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Back to Basics: The Probation Period

A probationary period is essentially a trial period for a new employee. It is not a legal concept; it is a management tool. It allows both parties to assess objectively if the new recruit is suited to the role. Employers must ensure they review the new recruit at regular intervals during the probationary period. The following should be taken into consideration when reviewing:

  • The individual’s overall capability;
  • Technical competence;
  • Behavioural competence, e.g. team-working & cooperation;
  • Performance;
  • General conduct.

There is no legal requirement for employers to use probationary periods. However, they are useful in that (a) you may allow different contractual rights during a probationary period (as far as the law allows), (b) it concentrates everyone’s mind on establishing whether the individual is appropriate for the job and/or (c) to establish what other training needs and support he or she may need. Generally probationary periods are either 3 or 6 months in duration.

Key Issues

  • Make sure you use the probationary period properly and carry out adequate reviews. If you’re going to use them, don’t just let the probation lapse. If an individual isn’t quite right, assess whether you feel they can improve. If you believe they can, consider extending the probationary period and, when doing so, ensure you inform the employee why you are doing so and what improvements you expect to see. If you don’t think the improvements will materialise or the issue is conduct related, consider termination at the end of the probationary period.
  • Dismissal during a probationary period will usually mean that the employee has not acquired continuity of service (two complete years) and therefore cannot claim unfair dismissal. However, without any paperwork evidencing the reason for the dismissal, the individual may be able to initiate a claim for discrimination (which has no continuity of service requirement) which the employer will be required to defend.
  • You may apply a probationary period when an employee is promoted to a new position. Usually this is when the roles are significantly different from the previous role. Care should be taken to ensure that in such cases the interview process measures competence and that any support agreed is delivered e.g. training / coaching or mentoring. Make sure that the situation is clearly documented, together with the likely outcome if he/she fails the probation (e.g. a return to the previous position held). If the employee has sufficient service to claim unfair dismissal, this ‘promotion’ probationary period doesn’t mean you can simply terminate their employment if they fail the probation in the new role as they will have the right to claim unfair dismissal.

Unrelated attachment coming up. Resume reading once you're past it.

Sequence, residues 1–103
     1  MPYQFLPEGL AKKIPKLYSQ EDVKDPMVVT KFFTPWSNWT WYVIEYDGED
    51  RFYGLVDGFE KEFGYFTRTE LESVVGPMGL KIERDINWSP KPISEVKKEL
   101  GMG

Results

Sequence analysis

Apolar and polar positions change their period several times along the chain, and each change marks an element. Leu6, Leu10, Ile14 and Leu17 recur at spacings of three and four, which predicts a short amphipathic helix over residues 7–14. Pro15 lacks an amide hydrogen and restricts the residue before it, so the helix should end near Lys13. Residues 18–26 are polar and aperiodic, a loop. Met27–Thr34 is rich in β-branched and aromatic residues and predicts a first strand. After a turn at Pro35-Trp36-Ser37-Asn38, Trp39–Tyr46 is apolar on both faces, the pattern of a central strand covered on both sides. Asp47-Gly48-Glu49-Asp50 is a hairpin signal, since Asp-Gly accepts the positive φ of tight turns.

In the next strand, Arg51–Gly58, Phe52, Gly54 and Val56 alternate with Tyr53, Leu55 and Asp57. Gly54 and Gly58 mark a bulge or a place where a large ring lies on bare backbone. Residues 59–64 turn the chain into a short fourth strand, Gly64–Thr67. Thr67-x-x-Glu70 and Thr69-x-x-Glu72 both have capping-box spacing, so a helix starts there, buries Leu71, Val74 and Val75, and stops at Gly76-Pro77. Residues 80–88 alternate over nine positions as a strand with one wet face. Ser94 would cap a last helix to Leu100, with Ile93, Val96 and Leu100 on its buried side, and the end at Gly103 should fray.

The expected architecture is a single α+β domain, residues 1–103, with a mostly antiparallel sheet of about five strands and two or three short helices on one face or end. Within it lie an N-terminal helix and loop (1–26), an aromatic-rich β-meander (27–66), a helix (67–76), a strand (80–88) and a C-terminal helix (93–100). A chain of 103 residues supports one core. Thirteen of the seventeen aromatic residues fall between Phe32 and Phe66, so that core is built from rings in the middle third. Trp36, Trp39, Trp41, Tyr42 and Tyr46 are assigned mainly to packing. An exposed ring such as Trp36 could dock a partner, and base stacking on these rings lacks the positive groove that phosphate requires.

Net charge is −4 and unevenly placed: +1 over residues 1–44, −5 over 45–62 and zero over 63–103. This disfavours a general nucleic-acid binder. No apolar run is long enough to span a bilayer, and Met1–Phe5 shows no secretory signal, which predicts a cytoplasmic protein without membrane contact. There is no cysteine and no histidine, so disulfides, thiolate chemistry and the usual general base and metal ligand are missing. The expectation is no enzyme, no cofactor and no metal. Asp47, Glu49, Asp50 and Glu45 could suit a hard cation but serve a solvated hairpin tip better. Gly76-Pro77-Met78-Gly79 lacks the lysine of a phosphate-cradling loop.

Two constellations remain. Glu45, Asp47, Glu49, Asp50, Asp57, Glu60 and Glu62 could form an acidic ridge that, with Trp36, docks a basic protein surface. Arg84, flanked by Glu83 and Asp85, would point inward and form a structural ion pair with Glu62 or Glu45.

• It is advisable to hold a review meeting as the probationary period approaches a conclusion, even if you are entirely happy with the performance of the individual. This meeting should be documented as evidence of any discussions.
  • If an employer reviews the new recruit regularly and provides the feedback throughout probation, there shouldn’t be a necessity to extend. Either they have met the standard or are below it. There are some cases where an extension to measure consistency is appropriate. In such circumstances, an extension can be agreed. The employer must be clear why the extension is required and how the employee will be measured during the extension. The employee must also be aware that failure to meet the standard may result in the contract being terminated. The extension should not exceed the length of the original probationary period.

If you found this article interesting then why not read our back to basics relating to holidays and employment contracts.
Here at SCE Solicitors, we have a wealth of experience in assisting employers maintain contractual documents. If you would like to discuss any questions relating to probation periods or would like us to review your contracts, please contact me on 01133 50 40 30 or at hello@scesolicitors.co.uk for a free legal audit.

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SCE Solicitors is a boutique employment law practice based in Leeds which advises clients nationwide.  Please note that the information in this blog is to provide information of general interest in a summary manner and should not be construed as individual legal advice. Readers should consult with SCE Solicitors or other professional counsel before acting on the information contained here.

Samira Cakali

Samira Cakali is a pragmatic and approachable solicitor advocate with extensive contentious and non-contentious experience in the fields of employment law as well as civil litigation, within a range of commercial businesses from SME’s to multinationals as well as senior executives.

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